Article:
the composition essentially same, as everyone have got used to the tune after listening to it for years. In any situation, the mood needed should match that of the song that we use and the thought
must be on the lines of the original. We then look for the right changes that can justify the essence of the older song and the needs of the latter."
He admits that in a way, it is a revival of their old catalogue, but he stresses that some amount of market research also goes into this phenomenon. "Though so far, we have had almost a 100 percent
success rate, it is not easy to crack which old song will work, and so it is not something we are doing to make a fast buck,' he says.
Also, what is known as a re-creation today is not the same as the Jhankaar Beats phenomenon of the '80s or the "remixes" of the '90s and early millennium. The former were like cover versions
done as gimmicks, with even male songs sung by female singers and vice-versa with the addition of gaudy beats. The latter also had this quality but were either a re-treatment of the originals or
re-interpretations of the older melodies, but usually with videos. The lyrics and even the tunes were untouched by and large, and none of these tracks were ever used within a film.
And let us not forget that the oldest way of pressing F5 on an older song were the parodies we heard down the decades, from that of a single song that was reworked with a humorous angle ('Jab
Pyar Kiya To Marna Kyoon' in Kalyanji-Anandji's 1966 Raaz from Naushad's 1960 classic 'Jab Pyar Kiya To Darna Kya' from Mughal-E-Azam) to composite parodies with multiple
songs used with or without changes in lyrics in films like Mr. India, Maine Pyar Kiya, Lamhe and others.
The first widely known actual re-creation was when 12 R.D. Burman songs were remodelled in Dil Vil Pyaar Vyaar (2002), making up its entire soundtrack. However, none of the songs nor the
film worked, as they were shabbily redesigned and sung and filmed both irrelevantly and irreverently, like solos turned into duets! This was intended to be a tribute album to the senior composer.
Another film that paid him a tribute was Jhankaar Beats (2003), in which Amit Kumar, original singer Kishore Kumar's son, sang 'Hamein Tumse Pyar Kitna' from Kudrat.
In Hum Tum (2004), the Laxmikant-Pyarelal Bobby evergreen 'Hum Tum Ek Kamre Mein Band Ho' was used on the older film's hero Rishi Kapoor with the same singer, Shailendra Singh,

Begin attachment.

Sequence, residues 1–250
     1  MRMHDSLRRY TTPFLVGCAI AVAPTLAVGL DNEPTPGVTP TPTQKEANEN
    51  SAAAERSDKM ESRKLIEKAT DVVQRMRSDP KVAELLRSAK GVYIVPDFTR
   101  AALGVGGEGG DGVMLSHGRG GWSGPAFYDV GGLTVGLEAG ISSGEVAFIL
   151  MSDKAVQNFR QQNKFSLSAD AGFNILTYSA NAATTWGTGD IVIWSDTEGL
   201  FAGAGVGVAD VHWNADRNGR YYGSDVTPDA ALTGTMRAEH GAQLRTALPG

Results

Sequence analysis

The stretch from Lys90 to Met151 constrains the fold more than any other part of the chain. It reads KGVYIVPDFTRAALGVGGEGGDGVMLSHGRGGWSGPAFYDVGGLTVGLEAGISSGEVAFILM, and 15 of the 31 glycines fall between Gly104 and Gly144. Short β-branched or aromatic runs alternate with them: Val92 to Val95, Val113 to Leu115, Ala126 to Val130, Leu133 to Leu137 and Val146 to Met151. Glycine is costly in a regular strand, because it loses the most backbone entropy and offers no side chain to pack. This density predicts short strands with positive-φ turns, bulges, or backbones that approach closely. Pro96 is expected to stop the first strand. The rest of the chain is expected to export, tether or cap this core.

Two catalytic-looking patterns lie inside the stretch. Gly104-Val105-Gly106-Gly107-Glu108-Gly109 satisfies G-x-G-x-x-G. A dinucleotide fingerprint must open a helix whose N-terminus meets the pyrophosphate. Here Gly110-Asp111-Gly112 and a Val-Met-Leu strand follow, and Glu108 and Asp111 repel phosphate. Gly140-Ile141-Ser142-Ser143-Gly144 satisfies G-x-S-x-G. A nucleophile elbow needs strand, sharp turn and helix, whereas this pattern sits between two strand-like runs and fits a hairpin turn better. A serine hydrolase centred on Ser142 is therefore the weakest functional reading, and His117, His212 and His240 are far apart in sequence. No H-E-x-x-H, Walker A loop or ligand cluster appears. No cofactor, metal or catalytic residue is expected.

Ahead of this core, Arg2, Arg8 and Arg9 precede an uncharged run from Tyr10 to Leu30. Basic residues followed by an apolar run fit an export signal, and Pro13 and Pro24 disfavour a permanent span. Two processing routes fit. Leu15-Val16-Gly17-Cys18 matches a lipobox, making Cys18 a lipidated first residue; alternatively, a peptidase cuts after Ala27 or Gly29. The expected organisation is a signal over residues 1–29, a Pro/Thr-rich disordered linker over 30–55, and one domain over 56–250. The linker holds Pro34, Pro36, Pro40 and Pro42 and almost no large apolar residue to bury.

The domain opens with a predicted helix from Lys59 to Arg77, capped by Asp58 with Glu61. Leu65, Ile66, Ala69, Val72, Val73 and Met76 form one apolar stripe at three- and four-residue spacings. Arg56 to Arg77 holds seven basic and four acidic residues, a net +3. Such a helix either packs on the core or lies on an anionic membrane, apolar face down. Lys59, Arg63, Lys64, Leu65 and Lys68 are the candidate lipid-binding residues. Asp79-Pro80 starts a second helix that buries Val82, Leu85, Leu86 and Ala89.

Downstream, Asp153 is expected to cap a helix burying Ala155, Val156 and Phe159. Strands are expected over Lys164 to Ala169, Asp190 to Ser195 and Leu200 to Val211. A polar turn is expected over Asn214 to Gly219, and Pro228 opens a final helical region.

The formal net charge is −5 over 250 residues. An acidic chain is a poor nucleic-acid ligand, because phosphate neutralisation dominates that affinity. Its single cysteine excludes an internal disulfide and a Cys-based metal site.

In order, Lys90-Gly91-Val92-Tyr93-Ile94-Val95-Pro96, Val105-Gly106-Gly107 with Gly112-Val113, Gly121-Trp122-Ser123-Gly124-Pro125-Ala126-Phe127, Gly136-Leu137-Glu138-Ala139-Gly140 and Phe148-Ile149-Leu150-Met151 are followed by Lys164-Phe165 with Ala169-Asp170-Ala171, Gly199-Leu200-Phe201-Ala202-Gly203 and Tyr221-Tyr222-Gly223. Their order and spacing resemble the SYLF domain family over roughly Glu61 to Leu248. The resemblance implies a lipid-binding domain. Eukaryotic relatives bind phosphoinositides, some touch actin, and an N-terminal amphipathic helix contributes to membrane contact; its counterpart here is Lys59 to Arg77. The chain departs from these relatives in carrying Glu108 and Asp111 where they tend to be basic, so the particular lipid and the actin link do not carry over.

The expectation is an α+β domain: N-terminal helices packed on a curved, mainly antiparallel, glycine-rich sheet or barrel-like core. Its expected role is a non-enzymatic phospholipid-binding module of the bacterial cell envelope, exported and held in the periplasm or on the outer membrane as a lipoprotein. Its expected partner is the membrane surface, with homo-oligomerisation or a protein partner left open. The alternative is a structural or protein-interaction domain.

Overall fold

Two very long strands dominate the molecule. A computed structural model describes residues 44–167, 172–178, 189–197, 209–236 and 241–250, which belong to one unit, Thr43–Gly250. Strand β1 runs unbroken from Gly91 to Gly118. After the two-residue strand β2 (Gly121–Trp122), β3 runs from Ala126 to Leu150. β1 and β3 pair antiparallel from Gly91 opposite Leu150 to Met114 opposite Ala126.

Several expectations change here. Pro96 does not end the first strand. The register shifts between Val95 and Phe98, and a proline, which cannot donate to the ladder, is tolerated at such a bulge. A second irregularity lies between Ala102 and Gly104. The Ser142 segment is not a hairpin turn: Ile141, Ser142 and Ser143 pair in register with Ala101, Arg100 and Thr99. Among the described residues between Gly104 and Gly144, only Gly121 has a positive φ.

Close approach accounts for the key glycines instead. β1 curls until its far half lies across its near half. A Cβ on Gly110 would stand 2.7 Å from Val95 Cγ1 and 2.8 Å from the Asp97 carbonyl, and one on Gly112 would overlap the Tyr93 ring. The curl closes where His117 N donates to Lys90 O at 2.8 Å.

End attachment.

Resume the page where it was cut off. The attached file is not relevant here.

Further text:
and was actually re-recorded by Jatin-Lalit. Technology has also been used to incorporate the older songs and the original voice into their newer versions, as in utilizing the title-track of
'Sabse Bada Rupaiya' in Bluffmaster! (2005), the title-track of Bachna Ae Haseeno (2008) from a song of that name in 'Hum Kisise Kum Naheen', and similar conversion of
old songs into titles and re-created songs for newer films (Aa Dekhen Zara, Yamla Pagla Deewana, Laaga Chunari Mein Daag).
Re-creations, Karzzzz apart, were also common when the films themselves were re-made, like in Don, Victoria No. 203, Zanjeer (where the song 'Kaatilana' was a clever
redux of 'Diljalon Ka Dil Jalaake' from the older film) or Himmatwala.
In the blitzkrieg of such renovations, Laxmikant-Pyarelal and R.D. Burman led the honours with 23 songs each, with the latter having 12 of them in just one film and two more blended into just one
song ('Duniya Mein' and 'Monica O My Darling' in 'Parda' from Once Upon A Time In Mumbaai). For the record, the only tunes re-done more than once are the aforementioned
flute riff of L-P's Hero, heard both in Gang Of Ghosts and Heropanti, and Rajesh Roshan's Lootmaar hit 'Jab Chhaye Mera Jadoo' in both Hattrick and Charles Aur
And while the general reaction is uncongenial (most do not agree with defiling an older classic) and older composers scoff at the creative inability to match classics with original new
compositions, the need is clearly not just commercial but also nostalgia-based for many filmmakers and composers-it is a way of paying tribute (as happens internationally) to iconic creations by
having their own interpretations worked into a film.
So all we need to do is to just wait for a deluge in the years to come.